Following on from my post – Experts & Expertise – continued I wanted to post on an article I read early in my research on the ‘raw’ milk debate / controversy. The article, Those Pathogens, What You Should Know was written by Ted Beals, MD and is on the pro-‘raw’ milk advocacy website http://www.realmilk.com. It is an interesting example of information presented by individuals that could be perceived to be experts interlaced with personal and biased opinion. The article discusses food-borne pathogenic bacteria (with some poorly written and erroneous scientific information. e.g. the statement ‘Campylobacter jejuni grows only inside living animal cells’ is incorrect. C. jejuni can multiply outside living cells – I studied Campylobacter for my Masters research, but I am not proclaiming to be an expert or know everything there is to know about Campylobacter), an analysis of risk (inducting conducting his own calculations and analysis of statistics) and commentary on the perpetration of myths and failings of government agencies in relation to bacterial and epidemiological knowledge and analysis. A list of references is included at the end of the article, however there is no in text referencing so a reader does not know the sources of the information quoted. The most interesting part of the article is the biography of the author –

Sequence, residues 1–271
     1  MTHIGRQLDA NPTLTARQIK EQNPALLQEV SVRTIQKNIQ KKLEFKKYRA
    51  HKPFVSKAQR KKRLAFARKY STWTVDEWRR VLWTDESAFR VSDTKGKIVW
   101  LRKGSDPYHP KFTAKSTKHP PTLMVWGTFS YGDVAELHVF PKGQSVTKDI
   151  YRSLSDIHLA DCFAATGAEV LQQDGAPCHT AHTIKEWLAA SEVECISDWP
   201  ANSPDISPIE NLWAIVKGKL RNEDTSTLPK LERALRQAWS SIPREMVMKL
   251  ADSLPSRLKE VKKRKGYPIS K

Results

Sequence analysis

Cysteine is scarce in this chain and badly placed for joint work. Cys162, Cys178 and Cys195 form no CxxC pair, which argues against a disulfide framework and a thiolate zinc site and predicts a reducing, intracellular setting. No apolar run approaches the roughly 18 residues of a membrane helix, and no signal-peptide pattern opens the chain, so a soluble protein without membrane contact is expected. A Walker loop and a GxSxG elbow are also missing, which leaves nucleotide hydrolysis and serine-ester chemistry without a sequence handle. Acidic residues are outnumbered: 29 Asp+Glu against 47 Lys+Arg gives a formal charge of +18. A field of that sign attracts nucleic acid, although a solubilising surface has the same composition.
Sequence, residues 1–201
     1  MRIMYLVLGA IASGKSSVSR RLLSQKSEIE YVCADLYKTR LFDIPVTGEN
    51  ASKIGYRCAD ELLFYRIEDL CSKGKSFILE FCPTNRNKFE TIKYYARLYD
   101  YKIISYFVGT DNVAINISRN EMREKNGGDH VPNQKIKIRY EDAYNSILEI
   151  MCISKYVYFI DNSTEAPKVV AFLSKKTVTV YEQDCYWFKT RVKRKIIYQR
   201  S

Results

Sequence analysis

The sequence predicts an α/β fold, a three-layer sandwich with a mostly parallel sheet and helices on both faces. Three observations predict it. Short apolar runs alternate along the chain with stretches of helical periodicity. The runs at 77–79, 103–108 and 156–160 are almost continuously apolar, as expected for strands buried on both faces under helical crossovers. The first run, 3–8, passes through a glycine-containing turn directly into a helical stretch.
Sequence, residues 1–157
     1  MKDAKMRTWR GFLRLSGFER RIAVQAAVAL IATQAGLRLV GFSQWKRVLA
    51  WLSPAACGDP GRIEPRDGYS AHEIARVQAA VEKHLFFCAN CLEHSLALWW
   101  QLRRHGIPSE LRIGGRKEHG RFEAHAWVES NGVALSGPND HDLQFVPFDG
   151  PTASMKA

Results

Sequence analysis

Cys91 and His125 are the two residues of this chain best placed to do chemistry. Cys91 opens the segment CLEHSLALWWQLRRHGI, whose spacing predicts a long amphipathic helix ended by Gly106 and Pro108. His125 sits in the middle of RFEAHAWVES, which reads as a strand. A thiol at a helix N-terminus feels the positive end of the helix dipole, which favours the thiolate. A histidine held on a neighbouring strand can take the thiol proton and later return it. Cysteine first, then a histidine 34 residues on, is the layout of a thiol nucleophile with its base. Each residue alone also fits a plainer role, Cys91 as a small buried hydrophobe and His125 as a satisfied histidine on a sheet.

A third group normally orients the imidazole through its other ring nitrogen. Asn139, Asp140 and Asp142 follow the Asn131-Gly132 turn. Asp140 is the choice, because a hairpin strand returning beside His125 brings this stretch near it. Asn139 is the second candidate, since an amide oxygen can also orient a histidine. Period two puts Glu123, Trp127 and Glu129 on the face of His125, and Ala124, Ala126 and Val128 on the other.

“Ted Beals, MS, MD, is a physician and board certified pathologist, who served on the faculty of University of Michigan Medical School. He is now retired after 31 years of clinical and administrative service in the Veterans Health Administration. A pathologist with personal interest in dairy testing and safety of milk, he has been presenting testimony on dairy safety in North America for the last several years. Ted and his wife Peggy, as cow shareholders, have enhanced their diet with over 600 gallons of their own fresh unprocessed milk.”
Based on the information in the biography, the author does not appear to be either an expert in epidemiology, statistics or bacteriology. The author however, has a personal interest in dairy testing and safety, consumes ‘raw’ milk and has testified on food safety.
The article, although presenting scientific information, also contains personal opinion, bias and a clear pr0-‘raw’ milk message. Is this article, written by someone who could be perceived as an ‘expert’ or someone qualified to comment on scientific information (due to being a medical doctor), presented as ‘scientific’ justification for discrediting government information about consuming ‘raw’ milk, risks involved and encouragement to consume ‘raw’ milk? Are the medical qualifications of the author being used to add gravitas and plausibility to pro-‘raw’ milk arguments?